I’ve always been impressed with the performance of these engines, even back in early 955 form, and this doesn’t disappoint either. Take a look at the specs at the bottom and you’ll see that the big Brit triple pumps out some impressive numbers. So, yes, it goes well! Acceleration didn’t feel exactly brutal, but it was certainly good; and I suspect the bike’s over-all smoothness actually disguises how fast it’s really going. Give the throttle a decent twist and you go from “toddling along” to “lose your license” in very quick time!
The gearbox is impressive too. It’s very smooth and easy to use. Clutch-less up-changes were smooth and even down-changes, with an appropriate blip of the throttle, could be accomplished smoothly without the clutch, if you wanted to.
Gearing is pretty much as you’d expect, running at around 26kph per 1,000rpm. That allows good flexibility, but still provides a very relaxed cruise.
Helping that relaxed cruising ability is the big screen, which does a great job of keeping the wind away. There was virtually no wind on my body, and just some slight wind around the helmet. I reckon the Tiger would be a good touring bike.
The Tiger rides very well. The suspension is by Showa and feels very compliant. It absorbs bumps really well. Up front there is a beautiful looking upside-down fork, which is fully adjustable. At the rear the monoshock is adjustable for preload and rebound.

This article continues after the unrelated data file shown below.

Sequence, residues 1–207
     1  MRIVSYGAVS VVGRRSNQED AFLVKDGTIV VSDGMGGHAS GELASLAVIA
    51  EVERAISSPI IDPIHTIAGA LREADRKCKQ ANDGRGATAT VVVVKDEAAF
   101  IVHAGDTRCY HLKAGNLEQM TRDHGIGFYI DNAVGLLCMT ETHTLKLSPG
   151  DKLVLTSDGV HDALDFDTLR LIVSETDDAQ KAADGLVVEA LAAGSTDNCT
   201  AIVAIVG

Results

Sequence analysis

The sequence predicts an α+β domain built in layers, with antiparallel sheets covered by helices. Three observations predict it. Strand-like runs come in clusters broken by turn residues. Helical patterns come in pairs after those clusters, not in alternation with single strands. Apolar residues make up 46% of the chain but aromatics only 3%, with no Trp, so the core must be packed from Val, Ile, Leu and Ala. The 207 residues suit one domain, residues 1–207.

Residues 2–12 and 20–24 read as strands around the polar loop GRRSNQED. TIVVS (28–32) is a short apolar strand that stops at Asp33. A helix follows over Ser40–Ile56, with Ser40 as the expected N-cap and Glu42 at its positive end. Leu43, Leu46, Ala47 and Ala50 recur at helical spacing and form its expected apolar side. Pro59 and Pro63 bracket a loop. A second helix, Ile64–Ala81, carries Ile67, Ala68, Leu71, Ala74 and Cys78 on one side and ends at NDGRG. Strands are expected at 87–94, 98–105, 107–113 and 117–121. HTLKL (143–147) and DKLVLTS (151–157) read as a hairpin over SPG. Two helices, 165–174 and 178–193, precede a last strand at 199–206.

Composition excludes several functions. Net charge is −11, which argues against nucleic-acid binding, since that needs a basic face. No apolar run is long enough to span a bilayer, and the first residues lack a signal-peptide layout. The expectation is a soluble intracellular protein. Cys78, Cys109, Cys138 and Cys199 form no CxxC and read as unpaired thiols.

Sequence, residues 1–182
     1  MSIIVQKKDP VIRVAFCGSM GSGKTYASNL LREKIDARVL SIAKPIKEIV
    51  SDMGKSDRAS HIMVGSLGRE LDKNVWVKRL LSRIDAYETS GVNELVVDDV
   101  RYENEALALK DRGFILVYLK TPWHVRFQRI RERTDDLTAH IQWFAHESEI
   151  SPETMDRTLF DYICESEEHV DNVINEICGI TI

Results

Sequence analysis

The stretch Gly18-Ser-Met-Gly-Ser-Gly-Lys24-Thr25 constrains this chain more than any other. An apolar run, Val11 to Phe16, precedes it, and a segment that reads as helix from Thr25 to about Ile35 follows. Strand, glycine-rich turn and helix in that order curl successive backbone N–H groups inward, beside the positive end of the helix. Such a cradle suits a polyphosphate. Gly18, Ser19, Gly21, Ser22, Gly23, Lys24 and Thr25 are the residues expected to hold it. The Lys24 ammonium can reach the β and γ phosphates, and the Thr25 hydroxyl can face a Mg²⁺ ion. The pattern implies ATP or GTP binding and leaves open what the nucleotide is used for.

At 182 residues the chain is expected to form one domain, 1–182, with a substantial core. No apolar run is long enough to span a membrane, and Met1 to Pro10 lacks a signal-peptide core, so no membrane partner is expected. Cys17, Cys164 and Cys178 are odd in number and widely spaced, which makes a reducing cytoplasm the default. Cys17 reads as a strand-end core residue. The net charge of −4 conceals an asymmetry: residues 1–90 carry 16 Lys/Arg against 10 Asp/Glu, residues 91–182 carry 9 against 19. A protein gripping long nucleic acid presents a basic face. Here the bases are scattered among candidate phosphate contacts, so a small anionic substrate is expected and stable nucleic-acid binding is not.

On the Tiger, unlike the Bonnevile, I wasn’t standing up over the bigger bumps; I didn’t need to. Yet, as I mentioned, it still handles well. I reckon that Triumph have got the suspension sorted really well!
Brakes run Nissin calipers, and look impressive. They feel good too, although not overly powerful. ABS is optional, for an extra $1,000.
I enjoyed my time on the Tiger. It wasn’t an especially exciting ride, (and, truth be told, I probably had more fun riding the Bonnie), but it felt like the type of bike you could go a long way on. Throw a bit of luggage on and, as I said above, I reckon it’d be a good touring bike. There was nothing outstanding about it on the ride, but it did everything very efficiently.
Often, on a test-ride, there is a defining moment; one that kind of puts the whole bike into perspective. There are always moments during the ride that sort of quantify the bike, but often there will be one moment that goes beyond the purely objective. It’s a moment when the bike becomes more personal, and you imagine what it would be like to own. Call it a “love-it or loathe-it” moment if you like. For me this came not long after we’d topped the narrow winding mountain road. The road opened out and I wound the Tiger up to try its cruising capability. As it flashed along the still quite narrow tree-lined road, the engine purring easily, and an almost total absence of wind, I thought, “This is now my new favourite Triumph!” And I reckon it is. See, I was right back in 2005, the Tiger is a great bike for an old bloke! And if it was then, it’s even more so now.